I watched Barfi and I liked it. This is NOT a review- I’m not qualified enough, this is an opinion.
I went basically because I’m a Ranbir fan. All drooleth over the guy, you know- who isn’t? Irrespective of whether or not the movie has done well, Ranbir has always done a good job. 5 years, 11 movies- all of which may or may not have done well commercially (Saawariya, Rocket Singh, Rockstar etc.) but you need to see that he’s done well for himself. As Murphy and as an actor. A lot like Abhishek Bachchan (fangirl + logic = He’s done a great job in all movies, even in trashy ones like Dhoom 2 and Dhai Akshar Prem Ke) So I did go to watch him (Ranbir).
He’s expressive, he’s just done yet another great job. Murphy’s a vision of Anurag Basu brought to life by Ranbir. One shot I really loved was the pull-finger-fart one. Notice the high-five after that? There was no shor-sharaaba in it. He just casually puts out his hand and his father puts out his. Unlike other Bollywood exchanges, this doesn’t linger even a moment more. Like in real life. I will try imitating that lubricated move for a long time, but I doubt it will ever be as subconsciously done as Ranbir did it. That and every other shot has been so perfect that I will only fall deeper for this guy and hope to elope with him.
Ileana on her part was decent. I don’t know the logic behind casting her, new face or otherwise- but what I liked about her were the conflicted scenes. The one in which her mother questions her about Barfi, post-horse ride-night. Or the one where she has the ticket in hand. You know she’ll get on to the train, but she waits that one more moment after your heart sinks to make her move. And finally- when she has the choice of not turning around when Jhilmil calls. Ileana is decent, with sparks of good.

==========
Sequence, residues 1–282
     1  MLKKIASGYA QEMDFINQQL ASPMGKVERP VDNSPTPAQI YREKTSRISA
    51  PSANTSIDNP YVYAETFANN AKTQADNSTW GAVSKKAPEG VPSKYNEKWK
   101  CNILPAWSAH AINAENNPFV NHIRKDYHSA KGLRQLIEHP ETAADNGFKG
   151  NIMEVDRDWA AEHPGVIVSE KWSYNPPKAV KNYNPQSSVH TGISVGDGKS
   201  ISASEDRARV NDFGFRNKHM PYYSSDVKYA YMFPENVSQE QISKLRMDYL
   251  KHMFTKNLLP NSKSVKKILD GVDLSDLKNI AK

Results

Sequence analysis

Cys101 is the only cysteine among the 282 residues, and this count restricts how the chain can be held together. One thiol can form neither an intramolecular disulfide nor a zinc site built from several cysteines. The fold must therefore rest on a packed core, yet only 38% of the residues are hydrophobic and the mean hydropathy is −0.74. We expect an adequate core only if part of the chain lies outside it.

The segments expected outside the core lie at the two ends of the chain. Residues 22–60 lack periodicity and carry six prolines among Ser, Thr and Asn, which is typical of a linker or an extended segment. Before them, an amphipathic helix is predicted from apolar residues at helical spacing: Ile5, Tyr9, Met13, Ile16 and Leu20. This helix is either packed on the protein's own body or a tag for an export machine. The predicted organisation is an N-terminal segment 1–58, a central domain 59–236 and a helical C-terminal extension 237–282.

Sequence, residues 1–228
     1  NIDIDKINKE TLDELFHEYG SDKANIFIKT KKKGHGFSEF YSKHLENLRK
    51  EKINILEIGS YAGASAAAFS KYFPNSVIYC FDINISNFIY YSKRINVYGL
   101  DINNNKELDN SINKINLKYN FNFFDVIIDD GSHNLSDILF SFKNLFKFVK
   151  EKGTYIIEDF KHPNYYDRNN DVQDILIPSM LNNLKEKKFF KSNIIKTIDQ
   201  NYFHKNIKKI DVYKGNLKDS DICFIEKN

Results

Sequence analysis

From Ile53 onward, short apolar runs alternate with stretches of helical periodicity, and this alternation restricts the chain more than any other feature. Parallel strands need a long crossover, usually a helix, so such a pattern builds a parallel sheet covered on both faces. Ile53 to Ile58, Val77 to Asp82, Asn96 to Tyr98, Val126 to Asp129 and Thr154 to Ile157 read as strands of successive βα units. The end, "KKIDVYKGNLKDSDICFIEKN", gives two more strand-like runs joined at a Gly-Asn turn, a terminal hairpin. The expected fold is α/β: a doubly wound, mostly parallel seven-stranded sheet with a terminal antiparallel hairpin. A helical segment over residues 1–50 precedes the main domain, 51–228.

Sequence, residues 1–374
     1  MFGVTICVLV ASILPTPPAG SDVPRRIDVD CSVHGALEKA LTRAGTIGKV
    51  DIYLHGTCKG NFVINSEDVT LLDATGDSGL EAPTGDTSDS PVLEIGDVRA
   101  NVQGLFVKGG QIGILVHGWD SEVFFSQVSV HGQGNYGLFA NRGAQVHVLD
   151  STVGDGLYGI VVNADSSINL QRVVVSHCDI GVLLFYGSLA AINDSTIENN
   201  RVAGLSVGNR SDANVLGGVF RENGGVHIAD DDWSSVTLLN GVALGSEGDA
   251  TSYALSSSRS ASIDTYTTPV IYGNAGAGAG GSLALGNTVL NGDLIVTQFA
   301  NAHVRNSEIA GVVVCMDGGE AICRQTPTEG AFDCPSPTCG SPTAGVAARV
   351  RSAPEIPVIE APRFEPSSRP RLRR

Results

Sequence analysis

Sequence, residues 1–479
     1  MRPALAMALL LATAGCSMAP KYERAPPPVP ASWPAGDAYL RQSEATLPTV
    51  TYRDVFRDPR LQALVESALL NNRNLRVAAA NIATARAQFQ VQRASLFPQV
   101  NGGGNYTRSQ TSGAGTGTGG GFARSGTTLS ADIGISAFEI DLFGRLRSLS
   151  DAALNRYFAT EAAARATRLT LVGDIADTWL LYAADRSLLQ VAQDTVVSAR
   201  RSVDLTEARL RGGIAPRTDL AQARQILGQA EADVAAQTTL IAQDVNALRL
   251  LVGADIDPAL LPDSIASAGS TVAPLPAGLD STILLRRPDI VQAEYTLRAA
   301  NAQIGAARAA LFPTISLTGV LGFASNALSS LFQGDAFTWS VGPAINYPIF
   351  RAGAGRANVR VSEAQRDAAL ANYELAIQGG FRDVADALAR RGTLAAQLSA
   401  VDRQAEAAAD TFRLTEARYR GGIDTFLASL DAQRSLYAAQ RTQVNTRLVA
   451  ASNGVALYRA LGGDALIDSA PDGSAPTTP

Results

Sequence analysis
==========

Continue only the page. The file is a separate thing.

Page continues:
Another role I like in the movie was Rupa Ganguly. Subtle. To the point. Like a real mother- irrespective of era and state. She figured her daughter and put the dilemma as simply as she could. And that one moment where her college/youth love interest looks from his lumbering? The recognition? Skill.
But what stunned me most- and I must say the story belongs to her, at least for me- is Priyanka. Impeccable. Precise. Thanks to the cinematographer, even beautiful in her teary-eyed, upset moments. I’ll compare her acting as Jhilmil to Amitabh’s as Auro. Not for a second did I see a fleeting super-stardom peep from the guise of the character. Yes, some critics have called her an autistic child, but I don’t blame them. Autism does make you relate the person to a child- with their awkward control of emotions. I do not like Priyanka, my intolerance of her in most cases is almost embarrassing. I still don’t think she’s a great actress.
The point however, is that Ranbir outdoes himself in every movie. This was another instance. I’ve gone through the feeling 10 times before. But Priyanka is a wreck in most movies. She has performed in this one (If ‘Fashion’ is your argument, overruled). So if for 41 previous miserably failed attempts she’s given me this, I’ll say she’s done a brilliant job-not that she’s a good actress. Hence, credit to the direction and the script.
The saddest thing about the movie, and about the audience that it has been presented to, is that the audience would rather have their dose of happy masala. It’s about time we stopped taking mindless entertainment as a compliment to the filmmaker. That statement only means that the filmmaker has been able to put together some elements that make the normal person laugh and cry and forget about; which, honestly- my parents are very capable of in a single day. Barfi has been presented to an audience wanting temporary respite from their frowns- not to those aspiring to never get their frowns back. I blame neither the filmmakers nor the audience- commerce drives the world. An ‘Ek Tha Tiger’ is necessary for everyone to up their collars. and deepen their pockets.
I don’t know if the movie or the music has been duplicated from elsewhere, and frankly- that is not my concern. I just think that the product I watched, laughed with and gasped out aloud with, as if I was part of the movie and on cue, was sweet. I don’t think it changed my life. I don’t think I will be more sensitive to less-abled people. I just think that as a product it is complete. I liked the music, I sang along with it- and I was concerned where I had to be.
It made me respect one girl in the industry that I had no time or love for, and it strengthened my argument for Ranbir Kapoor and why I think he’s the best we have in mainstream, commercial cinema (the female counterpart being Kareena Kapoor, irrespective of how Heroine turns out to be.)